Tribal Relations

In partnership with the state’s tribal governments, the South Dakota Game, Fish and Parks (GFP) has worked to improve management, protection and conservation of shared tribal-state natural resources. The South Dakota Department of Tribal Relations has also been a key partner in this effort.

To provide guidance and partnership on shared natural resources across the state, the state has engaged in Memorandums of Understanding (MOU) with four tribes to date; Flandreau Santee Sioux Tribe, Lower Brule Sioux Tribe, Oglala Sioux Tribe and the Rosebud Rioux Tribe. These MOU documents can be found at the bottom of the page.

With land base encompassing approximately six million acres, it is paramount to continue partnerships with the nine tribal governments to foster improved habitat and quality hunting and fishing opportunities for future generations.

Memorandums of Understanding (MOU)

The purpose of the MOU’s is to formalize cooperative efforts with the tribes regarding the management of vital natural resources, where we have mutual interests. Collaborative operations between the parties may include; sharing wildlife surveys, big/small game harvest information, developing season recommendations, fishery resource management, predator control and law enforcement assistance when requested.

Elk and Deer Food Plots

The creation of deer and elk habitat plots were established on the Iron Shell Flats area of the Rosebud Indian Reservation. This cooperative effort is designed to reduce depredation on nearby private lands and to encourage elk and deer to utilize new habitat areas. Several food plots were planted with corn, sorghum, oats and alfalfa. The total cost of the seed was approximately $2,200 and was paid for by GFP.

Wild Turkey Transplants

Wild turkeys were transplanted from the Black Hills area to the Cheyenne River Sioux Reservation in 2016. This effort continues with plans to stock turkeys on the Rosebud and Lower Brule Indian Reservations. Turkey hunting on these reservations provides significant opportunities to both tribal and non-tribal members.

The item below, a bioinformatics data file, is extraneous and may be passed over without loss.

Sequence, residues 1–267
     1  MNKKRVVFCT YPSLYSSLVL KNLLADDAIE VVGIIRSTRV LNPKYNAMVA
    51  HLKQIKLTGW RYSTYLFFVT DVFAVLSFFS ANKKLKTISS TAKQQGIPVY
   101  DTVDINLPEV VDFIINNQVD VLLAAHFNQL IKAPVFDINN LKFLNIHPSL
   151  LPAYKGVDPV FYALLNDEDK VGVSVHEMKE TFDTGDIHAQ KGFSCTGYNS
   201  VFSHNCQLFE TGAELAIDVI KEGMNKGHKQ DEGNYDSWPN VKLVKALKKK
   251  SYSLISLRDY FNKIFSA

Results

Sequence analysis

Animal Damage Control Training

GFP hosted an Animal Damage Control training session developed specifically for tribal staff at the Outdoor Campus in Rapid City in 2016. Twenty-two individuals representing five South Dakota tribal natural resource departments attended the training session. Later that year, another trapping training focused on the detection of field violations, with several tribal conservation officers and resource managers in attendance.

Coyote depredation issues and illegal hunting cases on Oglala have also been brought to, and resolved by the department. 


A proposed boat landing in the South Iron Nation area of Lower Brule was initiated and a fishery evaluation on Flandreau Pond has been conducted along with the establishment of a Kids Fishing Derby with the Flandreau Santee Sioux Tribe on the Big Sioux River in the Flandreau City Park. During the first fishing derby event, GFP provided archery and BB gun equipment along with targets.

The department also partnered with the Yankton Fish and Wildlife Department on revising their wildlife code and working on issues that include conducting fish surveys on several ponds and stocking fish where appropriate.